Faith and Fear Conclusion: The Yet Unsaid
I come to the end of this series writing about faith and fear. It’s really been a journey for me in articulating constructively where I am in my faith, both for myself as well as for the many people I have in mind - some with faces I know, some not.
I have imagined bewilderment, consternation and disappointment upon these faces, that I have not said something, or not said enough, or have said too much. And I fear this has led to me, at times, to not saying what I really want to say: to venture further into the chaotic, uncontrollable ocean of religious discourse and trust I will still be OK.
I also have a hope that there will be faces of recognition, that these words might somehow bear witness to something we all experience. This is perhaps the purpose of all such writing. For these, I fear I have expressed something I did not mean to, a fallacy I slip into all too readily, the fallacy of perfection, and also that I have not expressed something fundamental and crucial in all of my own experience: the radical nature of Love.
So, here are the things, in closing, I want to say.
What I really want to say is…
Here is my underlying thesis: without faith, we cannot love or live well. Instead, we will be controlled by fear. Living between faith and fear is our perennial experience.
This is not politically correct. Faith isn’t a popular thing to talk about, let alone give such import to. I think that’s because in the everyday of many religious people, it’s become simply another set of beliefs and practices to conform to. In my experience, the focus in religious life on justifying and clarifying the content of the stories faith hears, we’ve tried to contain the Ocean in our religious thimbles. The experience of religious life has made faith another stage of fear with its own scripts about what we should or should not do in order to belong; another pedestal by which to define ‘us’ and ‘them’, avoid our ultimate uncertainty and shame ourselves and others; another way to stay safely inland running scared of the untameable, mysterious Ocean. And, on the other hand, it is far too easy for those without religion to picture religious life as this, to other the religious, and make them into straw men with oppressive, unsophisticated, or intolerant views.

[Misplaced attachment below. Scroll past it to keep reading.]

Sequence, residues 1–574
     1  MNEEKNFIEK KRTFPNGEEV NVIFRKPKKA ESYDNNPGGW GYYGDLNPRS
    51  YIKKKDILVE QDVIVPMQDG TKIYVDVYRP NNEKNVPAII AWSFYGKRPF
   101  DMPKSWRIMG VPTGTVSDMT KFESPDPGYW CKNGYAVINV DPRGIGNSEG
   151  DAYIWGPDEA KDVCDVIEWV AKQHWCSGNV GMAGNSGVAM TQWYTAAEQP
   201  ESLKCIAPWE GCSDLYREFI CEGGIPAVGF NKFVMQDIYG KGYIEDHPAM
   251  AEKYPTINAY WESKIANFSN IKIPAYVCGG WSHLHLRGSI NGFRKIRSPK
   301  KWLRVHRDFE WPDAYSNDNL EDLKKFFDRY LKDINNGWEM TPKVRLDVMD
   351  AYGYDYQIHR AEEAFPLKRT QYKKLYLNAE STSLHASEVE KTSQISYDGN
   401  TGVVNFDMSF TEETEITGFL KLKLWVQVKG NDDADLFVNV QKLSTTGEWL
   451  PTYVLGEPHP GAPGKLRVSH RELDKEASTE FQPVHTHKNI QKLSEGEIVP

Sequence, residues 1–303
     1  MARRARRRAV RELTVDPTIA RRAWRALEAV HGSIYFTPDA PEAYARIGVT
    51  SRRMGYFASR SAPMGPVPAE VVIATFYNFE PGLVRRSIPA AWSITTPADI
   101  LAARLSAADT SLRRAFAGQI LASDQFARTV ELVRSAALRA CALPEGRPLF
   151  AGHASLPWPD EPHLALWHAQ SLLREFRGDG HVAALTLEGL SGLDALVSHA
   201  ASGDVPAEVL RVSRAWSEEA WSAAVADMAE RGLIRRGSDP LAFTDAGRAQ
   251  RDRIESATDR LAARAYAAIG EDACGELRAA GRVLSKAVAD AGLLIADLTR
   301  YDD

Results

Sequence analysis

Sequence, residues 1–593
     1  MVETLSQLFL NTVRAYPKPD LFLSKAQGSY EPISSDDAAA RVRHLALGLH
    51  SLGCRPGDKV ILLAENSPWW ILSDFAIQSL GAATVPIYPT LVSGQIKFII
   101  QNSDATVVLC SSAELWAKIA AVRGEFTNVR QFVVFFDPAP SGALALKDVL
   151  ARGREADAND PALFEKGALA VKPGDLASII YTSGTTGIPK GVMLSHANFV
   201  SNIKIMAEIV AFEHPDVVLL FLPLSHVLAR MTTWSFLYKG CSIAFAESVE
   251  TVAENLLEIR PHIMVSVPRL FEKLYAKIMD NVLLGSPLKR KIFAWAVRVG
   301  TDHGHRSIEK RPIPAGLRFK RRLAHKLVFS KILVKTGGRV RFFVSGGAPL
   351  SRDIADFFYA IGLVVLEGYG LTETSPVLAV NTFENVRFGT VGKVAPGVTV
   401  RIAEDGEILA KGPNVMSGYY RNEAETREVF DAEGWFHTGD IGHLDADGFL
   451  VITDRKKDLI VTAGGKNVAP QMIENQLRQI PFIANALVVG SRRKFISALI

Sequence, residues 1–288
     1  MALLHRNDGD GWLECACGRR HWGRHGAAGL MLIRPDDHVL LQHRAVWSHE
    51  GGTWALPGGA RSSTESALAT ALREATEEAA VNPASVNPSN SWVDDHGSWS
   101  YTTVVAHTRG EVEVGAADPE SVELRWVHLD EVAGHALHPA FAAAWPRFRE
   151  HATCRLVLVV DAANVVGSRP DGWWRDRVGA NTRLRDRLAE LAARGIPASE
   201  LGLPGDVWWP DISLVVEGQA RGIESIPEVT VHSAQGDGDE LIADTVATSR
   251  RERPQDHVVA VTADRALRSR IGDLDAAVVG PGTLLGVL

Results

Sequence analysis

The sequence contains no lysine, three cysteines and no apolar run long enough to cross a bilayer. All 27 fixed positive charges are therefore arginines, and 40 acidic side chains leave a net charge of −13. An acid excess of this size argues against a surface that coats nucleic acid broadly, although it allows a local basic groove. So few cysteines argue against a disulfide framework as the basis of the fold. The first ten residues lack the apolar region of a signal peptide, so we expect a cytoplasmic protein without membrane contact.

But, this is not faith.
This is the message I want both the religious and non-religious to hear. A message of what real faith is: something we all share that transcends our ways of othering; something far more precious than anything else we find ourselves compulsively chasing after in order to be tolerable or have some iota of meaning; something we cannot do without, both personally and socially. Faith is the prerequisite for love and transformation.
I have given (a somewhat embarrassing amount of mixed) metaphors for this and tried to convey my own experience, not because I think this is the way of all, but because I want to point to the vital, shared path of faith: faith that draws and strengthens us to push into our fears and find that these fears are doorways to new stories of belonging, hope and worth. This avoidance and approaching of fear and faith is the constant experience of our lives. Our habits here will define us.
What I didn’t mean to say…
Recently, I have found myself tangled up, disillusioned perhaps. With my life as it has been. As I have lived and chosen and related. I am weary of the constant anxiety of living inland, safely, and with the inner tension of longing for the ocean. I am feeling the injuries of colonisation: how I have been colonised and shamed; how I have colonised myself with self-inflicted mutilation and self-betrayal; how I have tried to colonise and shame others. I’m frustrated by the straightjackets of my life scripts.
My preoccupation has been with how to rid myself of these. How to push into the fears that drive these compulsions, and so be free. I try to set up practices where I am still enough to hear the cries of my spirit, and wait for the whispers of another story. But these are so hard to keep. So much else imposes itself on me, or at least, so much in me imposes other things. Or they become the conditions by which I assess my worth.